LTVA wants to join marketing plan with TDVA
Representatives from the Lake Tahoe Visitors Authority tonight will ask the Tahoe-Douglas Visitors Authority Board of Directors to get behind its 1998-1999 marketing plan.
The bistate LTVA is also hoping for a long-term funding commitment from the Nevada-side agency to keep moving forward the marketing plan developed last year with input from the community including the TDVA marketers.
“We want their business plan to compliment the community plan,” LTVA Executive Director Terry LeBan said. “Then we’ll have one master plan” to promote the south shore.
The TDVA meeting begins at 6 p.m. at the Douglas County Administration Building at 175 U.S. Highway 50 east across from Kahle Drive.
Also on the agenda for the monthly TDVA meeting are updates on the Labor Day Lake Tahoe Celebration, advertising at the Reno/Tahoe International Airport and the status of sponsorships for television coverage of the Lake Tahoe Marathon.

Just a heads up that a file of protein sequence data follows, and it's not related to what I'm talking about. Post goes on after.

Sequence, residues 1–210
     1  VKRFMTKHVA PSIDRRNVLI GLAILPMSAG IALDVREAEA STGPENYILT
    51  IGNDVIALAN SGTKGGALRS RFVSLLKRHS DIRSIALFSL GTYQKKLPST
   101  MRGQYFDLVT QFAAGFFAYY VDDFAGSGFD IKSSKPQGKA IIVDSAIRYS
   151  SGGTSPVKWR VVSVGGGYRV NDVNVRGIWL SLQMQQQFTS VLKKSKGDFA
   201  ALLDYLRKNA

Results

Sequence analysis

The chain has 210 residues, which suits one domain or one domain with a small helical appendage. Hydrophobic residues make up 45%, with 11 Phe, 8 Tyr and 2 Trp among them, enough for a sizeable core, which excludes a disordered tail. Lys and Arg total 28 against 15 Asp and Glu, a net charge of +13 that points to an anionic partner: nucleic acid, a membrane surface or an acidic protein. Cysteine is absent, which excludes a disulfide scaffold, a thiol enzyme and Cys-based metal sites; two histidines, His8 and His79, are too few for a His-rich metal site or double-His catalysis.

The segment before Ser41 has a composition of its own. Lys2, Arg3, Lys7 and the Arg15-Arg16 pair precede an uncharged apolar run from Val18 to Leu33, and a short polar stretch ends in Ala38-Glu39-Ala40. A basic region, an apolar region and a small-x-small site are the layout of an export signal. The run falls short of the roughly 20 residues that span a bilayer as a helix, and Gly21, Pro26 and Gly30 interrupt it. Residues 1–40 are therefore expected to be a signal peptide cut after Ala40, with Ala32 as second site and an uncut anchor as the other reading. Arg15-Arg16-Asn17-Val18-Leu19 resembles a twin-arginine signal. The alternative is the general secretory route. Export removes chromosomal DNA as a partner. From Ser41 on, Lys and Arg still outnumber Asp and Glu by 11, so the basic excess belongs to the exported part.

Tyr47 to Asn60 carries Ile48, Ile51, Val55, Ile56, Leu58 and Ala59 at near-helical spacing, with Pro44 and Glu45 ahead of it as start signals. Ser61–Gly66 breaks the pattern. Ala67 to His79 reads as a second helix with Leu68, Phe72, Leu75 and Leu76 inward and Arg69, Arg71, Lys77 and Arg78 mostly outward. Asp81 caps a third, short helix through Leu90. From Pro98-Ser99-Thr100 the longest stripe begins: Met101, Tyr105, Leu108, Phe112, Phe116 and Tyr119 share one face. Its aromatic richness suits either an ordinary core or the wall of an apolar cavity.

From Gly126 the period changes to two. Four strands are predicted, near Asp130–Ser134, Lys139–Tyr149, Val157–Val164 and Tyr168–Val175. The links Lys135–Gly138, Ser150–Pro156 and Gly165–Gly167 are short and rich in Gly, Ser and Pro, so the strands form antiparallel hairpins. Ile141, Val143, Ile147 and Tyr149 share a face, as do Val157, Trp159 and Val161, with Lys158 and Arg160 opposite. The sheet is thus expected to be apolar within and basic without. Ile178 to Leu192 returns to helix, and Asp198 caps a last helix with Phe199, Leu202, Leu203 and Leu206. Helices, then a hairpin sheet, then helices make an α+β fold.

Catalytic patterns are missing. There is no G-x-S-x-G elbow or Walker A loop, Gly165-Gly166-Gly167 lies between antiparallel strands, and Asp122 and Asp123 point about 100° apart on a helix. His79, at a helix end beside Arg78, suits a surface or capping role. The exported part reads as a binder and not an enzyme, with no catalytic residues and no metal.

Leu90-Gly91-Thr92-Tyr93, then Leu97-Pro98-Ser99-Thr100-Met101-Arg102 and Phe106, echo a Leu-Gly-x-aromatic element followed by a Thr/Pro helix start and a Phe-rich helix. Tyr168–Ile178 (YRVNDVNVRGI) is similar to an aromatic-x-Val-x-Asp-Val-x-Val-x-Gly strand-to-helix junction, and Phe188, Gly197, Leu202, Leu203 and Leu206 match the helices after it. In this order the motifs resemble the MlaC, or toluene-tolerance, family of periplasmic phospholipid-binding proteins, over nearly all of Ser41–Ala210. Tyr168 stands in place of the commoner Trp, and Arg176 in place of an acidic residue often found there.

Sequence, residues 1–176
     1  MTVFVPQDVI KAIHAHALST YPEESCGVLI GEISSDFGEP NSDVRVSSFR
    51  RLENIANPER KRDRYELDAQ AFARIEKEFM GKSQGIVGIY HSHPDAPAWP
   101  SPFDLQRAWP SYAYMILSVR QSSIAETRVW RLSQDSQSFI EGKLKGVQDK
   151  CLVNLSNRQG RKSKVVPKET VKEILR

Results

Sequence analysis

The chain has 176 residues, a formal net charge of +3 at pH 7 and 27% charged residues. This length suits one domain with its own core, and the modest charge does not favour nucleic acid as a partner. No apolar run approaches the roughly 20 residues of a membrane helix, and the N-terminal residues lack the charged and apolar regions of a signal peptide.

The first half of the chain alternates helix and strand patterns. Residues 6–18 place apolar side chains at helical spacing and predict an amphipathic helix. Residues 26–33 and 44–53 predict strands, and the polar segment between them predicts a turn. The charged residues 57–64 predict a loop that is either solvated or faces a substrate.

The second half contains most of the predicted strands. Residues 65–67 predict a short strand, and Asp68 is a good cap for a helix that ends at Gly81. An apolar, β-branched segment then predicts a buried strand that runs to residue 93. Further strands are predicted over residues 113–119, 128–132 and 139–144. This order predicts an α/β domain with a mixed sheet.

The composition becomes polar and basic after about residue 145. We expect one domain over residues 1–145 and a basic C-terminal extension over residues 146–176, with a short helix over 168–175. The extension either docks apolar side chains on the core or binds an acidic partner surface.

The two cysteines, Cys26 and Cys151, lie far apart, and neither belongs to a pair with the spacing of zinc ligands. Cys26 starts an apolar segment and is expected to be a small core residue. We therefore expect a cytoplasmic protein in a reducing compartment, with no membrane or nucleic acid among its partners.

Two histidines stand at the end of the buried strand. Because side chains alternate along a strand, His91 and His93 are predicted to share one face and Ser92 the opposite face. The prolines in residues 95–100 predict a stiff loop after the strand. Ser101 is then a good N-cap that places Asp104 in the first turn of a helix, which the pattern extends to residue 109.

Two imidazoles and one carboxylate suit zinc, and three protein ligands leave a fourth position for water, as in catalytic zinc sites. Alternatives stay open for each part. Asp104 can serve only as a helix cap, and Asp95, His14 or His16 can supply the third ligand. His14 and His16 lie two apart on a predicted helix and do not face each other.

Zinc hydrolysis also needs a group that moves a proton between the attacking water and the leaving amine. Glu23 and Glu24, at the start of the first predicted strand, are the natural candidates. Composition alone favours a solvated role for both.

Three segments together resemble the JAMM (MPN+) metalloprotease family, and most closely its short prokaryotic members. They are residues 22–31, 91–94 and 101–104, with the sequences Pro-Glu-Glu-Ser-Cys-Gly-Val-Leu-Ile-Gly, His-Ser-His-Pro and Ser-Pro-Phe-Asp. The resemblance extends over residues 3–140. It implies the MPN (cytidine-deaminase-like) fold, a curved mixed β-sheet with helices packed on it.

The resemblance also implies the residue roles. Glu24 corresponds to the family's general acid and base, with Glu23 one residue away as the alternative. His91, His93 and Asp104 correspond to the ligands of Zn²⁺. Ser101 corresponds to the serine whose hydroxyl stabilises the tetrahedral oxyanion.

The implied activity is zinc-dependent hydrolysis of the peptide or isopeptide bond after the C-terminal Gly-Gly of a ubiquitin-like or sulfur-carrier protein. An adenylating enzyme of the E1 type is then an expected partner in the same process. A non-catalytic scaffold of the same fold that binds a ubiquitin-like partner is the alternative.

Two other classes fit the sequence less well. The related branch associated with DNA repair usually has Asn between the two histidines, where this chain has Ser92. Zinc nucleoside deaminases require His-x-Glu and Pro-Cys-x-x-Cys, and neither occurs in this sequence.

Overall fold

The LTVA, incorporated in 1986, is a bistate agency charged with promoting tourism on the south shore of Lake Tahoe. The primary revenue for its programs comes from room taxes collected and allotted to the LTVA by the city of South Lake Tahoe and Douglas County.
The TDVA is the newcomer, created by the Nevada Legislature in July 1997, to manage Douglas County funds earmarked for tourism promotions.
Those funds include a 1 percent increase in the county room tax that became effective in October 1997. Beginning in July 1999, Douglas County is mandated to begin transferring, over a period of as much as 11 years, room tax revenue now used for county services to tourism promotions. Except for the 1 percent room tax increase, most of the TDVA’s revenue remains a future expectation.
That leaves the TDVA in an interim period in terms of the revenue it will eventually manage and the LTVA in a nebulous period for its own revenue, making long-term planning difficult.
Once the transfer is complete, it is expected to substantially increase the dollars available to promote tourism on the South Shore, but it will take patience to get there, LeBan said.
“We just want to get our two plans working in tandem,” she said. “We’re looking for a promise for the future.”
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